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New Zealand restricts skilled-worker visas in Kiwis-first approach to immigration

Migrants to New Zealand could be in for challenging times if the Kiwi government decides to follow the lead that big brother Australia set last week with their ‘Australia First’ campaign. And what’s more, the indications are there that New Zealand could soon decide to further tighten controls on their immigration influx.

New Zealand Restricts Skilled Worker Visas In Kiwis First Approach To Immigration

Last week the New Zealand government announced plans to tighten access to skilled work visas to help get Kiwis into jobs ahead of migrants.


The Kiwi government’s plans coincides with a US plan to overhaul its temporary skilled migration program and reports New Zealand is set to ‘control’ its immigration ‘mix’

The changes come a day after Australia announced it would give priority to Australian workers by replacing the skilled 457 visa.

“Australians must have priority for Australian jobs – so we’re abolishing the [class] 457 visas, the visas that bring temporary foreign workers into our country,” said the Aussie PM Malcolm Turnball.

New Zealand’s immigration minister Michael Woodhouse echoed Turnball’s announcement saying, “The government has a Kiwis-first approach to immigration.”

“It’s important that our immigration settings are attracting the right people, with the right skills, to help fill genuine skill shortages and contribute to our growing economy,” he said. “That is why we are making a number of changes to our permanent and temporary immigration settings aimed at managing the number, and improving the quality, of migrants coming to New Zealand.”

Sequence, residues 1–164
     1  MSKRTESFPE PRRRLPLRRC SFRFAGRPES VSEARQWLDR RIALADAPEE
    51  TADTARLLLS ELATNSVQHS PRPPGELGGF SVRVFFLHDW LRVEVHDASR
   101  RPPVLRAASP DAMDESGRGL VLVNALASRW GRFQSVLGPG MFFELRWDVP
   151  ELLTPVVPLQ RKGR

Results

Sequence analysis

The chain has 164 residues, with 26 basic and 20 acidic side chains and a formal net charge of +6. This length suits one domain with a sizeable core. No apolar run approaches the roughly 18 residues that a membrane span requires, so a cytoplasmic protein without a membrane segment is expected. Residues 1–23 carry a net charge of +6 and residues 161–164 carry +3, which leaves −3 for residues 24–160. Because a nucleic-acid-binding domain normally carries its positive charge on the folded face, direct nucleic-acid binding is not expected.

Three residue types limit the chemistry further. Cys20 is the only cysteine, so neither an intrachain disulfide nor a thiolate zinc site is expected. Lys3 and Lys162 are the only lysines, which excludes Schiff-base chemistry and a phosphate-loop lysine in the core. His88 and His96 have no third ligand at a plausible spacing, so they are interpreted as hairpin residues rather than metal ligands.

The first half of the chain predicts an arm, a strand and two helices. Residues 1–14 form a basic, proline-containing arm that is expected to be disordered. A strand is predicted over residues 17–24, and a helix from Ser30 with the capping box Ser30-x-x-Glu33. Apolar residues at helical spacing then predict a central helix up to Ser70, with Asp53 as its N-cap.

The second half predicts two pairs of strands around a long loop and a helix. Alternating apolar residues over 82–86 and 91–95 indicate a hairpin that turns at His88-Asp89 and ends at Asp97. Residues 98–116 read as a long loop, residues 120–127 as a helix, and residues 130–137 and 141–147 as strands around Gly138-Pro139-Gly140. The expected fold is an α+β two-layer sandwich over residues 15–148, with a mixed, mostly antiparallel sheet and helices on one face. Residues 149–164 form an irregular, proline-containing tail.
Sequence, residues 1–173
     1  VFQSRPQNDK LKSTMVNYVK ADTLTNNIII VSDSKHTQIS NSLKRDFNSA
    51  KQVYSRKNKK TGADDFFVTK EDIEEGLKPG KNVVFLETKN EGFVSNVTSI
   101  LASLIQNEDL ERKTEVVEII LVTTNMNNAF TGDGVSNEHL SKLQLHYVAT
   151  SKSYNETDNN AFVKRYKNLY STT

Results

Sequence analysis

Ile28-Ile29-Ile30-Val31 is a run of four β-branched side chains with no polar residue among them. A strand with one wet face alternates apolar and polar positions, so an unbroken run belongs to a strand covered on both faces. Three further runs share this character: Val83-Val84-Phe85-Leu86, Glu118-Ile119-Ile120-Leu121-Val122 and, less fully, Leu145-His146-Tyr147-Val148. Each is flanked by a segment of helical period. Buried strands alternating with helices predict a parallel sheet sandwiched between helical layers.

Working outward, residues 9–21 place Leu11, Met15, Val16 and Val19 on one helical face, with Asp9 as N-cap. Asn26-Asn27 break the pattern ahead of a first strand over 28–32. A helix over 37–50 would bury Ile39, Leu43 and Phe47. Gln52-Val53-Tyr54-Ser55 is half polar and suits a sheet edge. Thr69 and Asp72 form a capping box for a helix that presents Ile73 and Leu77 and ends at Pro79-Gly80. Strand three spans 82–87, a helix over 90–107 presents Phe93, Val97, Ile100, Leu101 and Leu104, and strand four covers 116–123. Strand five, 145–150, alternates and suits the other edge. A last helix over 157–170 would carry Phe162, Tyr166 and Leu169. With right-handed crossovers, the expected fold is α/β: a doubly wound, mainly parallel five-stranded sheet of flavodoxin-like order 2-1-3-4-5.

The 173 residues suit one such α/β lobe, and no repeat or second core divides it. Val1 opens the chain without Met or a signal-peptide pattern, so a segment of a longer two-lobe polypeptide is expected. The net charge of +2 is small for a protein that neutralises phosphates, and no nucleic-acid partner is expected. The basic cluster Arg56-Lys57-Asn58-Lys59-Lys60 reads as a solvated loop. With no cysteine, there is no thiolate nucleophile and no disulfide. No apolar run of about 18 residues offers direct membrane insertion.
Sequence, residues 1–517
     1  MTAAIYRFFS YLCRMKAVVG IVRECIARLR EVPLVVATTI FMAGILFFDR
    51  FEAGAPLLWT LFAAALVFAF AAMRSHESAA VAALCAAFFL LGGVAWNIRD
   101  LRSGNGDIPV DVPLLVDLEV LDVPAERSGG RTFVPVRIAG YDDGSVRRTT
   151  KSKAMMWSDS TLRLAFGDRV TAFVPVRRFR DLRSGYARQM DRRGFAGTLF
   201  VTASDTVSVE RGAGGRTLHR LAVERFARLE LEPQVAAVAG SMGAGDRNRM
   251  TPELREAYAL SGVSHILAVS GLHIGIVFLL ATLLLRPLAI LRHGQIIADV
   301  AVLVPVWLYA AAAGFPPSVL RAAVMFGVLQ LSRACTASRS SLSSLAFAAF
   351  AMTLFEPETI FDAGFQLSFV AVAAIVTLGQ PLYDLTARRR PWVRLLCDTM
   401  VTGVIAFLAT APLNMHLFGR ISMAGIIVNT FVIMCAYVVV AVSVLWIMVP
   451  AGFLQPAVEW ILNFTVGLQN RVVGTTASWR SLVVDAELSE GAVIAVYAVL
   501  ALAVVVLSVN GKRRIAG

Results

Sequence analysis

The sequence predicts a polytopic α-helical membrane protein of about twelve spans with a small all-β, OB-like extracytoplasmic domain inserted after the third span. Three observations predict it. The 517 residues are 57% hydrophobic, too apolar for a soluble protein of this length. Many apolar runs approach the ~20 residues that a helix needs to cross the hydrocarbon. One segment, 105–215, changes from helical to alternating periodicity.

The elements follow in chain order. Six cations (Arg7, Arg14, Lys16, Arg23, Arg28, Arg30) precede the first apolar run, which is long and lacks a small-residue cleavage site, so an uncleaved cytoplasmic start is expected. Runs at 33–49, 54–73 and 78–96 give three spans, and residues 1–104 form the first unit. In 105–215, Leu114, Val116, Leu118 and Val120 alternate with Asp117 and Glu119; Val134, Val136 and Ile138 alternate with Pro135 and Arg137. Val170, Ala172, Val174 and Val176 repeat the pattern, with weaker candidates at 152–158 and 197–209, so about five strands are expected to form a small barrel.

With the country’s recent migration figure of 70 000 foreigners entering the job-force in 2016 the Kiwi government is considered at risk of following Australia’s example which may see a more difficult road to citizenship, shorter stay visas, stricter entry criteria and only those with a very specific skillsets will be welcomed.

But analysts predict that not only New Zealand will have to become stricter. The occurrence is set to become a global phenomenon fuelled by skilled professionals’ developing a deep mistrust in their governments. The exodus of Americans into Canada after the Trump presidential victory is a well-documented fact.

The changes include raising the income threshold to be classed as a skilled migrant to nearly NZ$50,000 (£27,500) a year, classifying anyone earning NZ$73,000 and above as high-skilled and restricting work visas to low-skilled workers to three years, after which a mandatory stand-down period will be enforced before workers can re-apply.


The largest number of migrants to New Zealand come from Britain, China, India, the Philippines and South Africa.

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